Guerrilla Office is a movement that arrange events at the six cities of Sweden that have the largest start-up-communities, oh, and Ronneby for some reason. These events are, at least in Stockholm, occurring every week and everyone is invited to share and build together. The reason behind this movement was that the initiator of Guerilla Office, Vasilis Mavroudis, worked a lot from hotels and coffee shops during his studies as well as his earlier career. He constantly met a lot of inspiring people, that either felt the need to get away from home and change atmospheres (writers, journalists and such) or that were on business trips and did not have an office in the city or were bored with the office landscape (multinational enterprises or freelancers). He thought that someone should do something about this, but no one did and he himself did not have the time.

Another aspect of Guerilla Office is that Vasilis has previous experience as a SCRUM manager, so the Monday-meetings starts with a stand-up-meeting where they can formulate their goals for the coming week as well as assess the progress on last week’s goals. Remember, these are the goals of the individual start-ups and aren’t tied to Guerrilla Office in any way. This is a way for people to network to support each other and to pep everyone to continue forward.

When Ludwig and I visited Guerilla Office this Monday, we had a long chat with Vasilis and though, why not invite him to the next lecture? So hoping that we haven’t spoiled any surprises we would like to announce that on the lecture on Thursday Vasilis will come and hold a short presentation (so it’s important for everyone to be on time).


Axel and Ludwig

We came across an interesting subject the other day in class; the importance of partnerships when forming a business model vs. not being dependent on one single actor.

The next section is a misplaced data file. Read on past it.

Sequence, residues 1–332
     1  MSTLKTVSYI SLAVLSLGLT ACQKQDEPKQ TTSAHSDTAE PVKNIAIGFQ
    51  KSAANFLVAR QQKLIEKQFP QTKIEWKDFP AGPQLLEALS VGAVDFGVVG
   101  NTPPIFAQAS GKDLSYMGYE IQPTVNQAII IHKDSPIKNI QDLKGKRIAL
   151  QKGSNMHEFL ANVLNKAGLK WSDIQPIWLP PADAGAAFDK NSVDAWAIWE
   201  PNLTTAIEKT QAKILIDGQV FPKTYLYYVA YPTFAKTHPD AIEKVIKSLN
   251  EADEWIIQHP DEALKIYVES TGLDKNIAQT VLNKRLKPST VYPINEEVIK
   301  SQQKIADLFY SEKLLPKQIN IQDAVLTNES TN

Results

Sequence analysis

The issue presented and that has been vividly studied in media is the massive enterprise Amazon that has disrupted the sales of book sales for firms like Barnes & Noble. This has been an enormous opportunity for smaller writers to put their product in stock on the shelf of the e-commerce giant. What has happened now is that these writers are dependent on Amazon in order to sell their products; the huge retailer has a very strong bargaining power and can easily drop prices to directly compete with the smaller writers – loosing a couple of hundred thousand dollar won’t matter much if you are the biggest player.

This is a position that you do not want to find yourself and your business in. So in order to reduce the risk of dependency, is it enough to just increase the number of partnerships?

Another interesting, and very contemporary, subject is the music distribution industry. Spotify, one of the largest actors in the industry has somewhat reincarnated the idea of music distribution – but it has been around for several decades. Despite the, excuse my objectivity, louse pay-checks that has been paid out to record labels and musicians, somehow Spotify has lured big players in the music industry and millions of active users have followed their value proposition.

Now, I have had a couple of friends that have worked for Spotify here in Sweden. When asked about the future and their business model the response is this: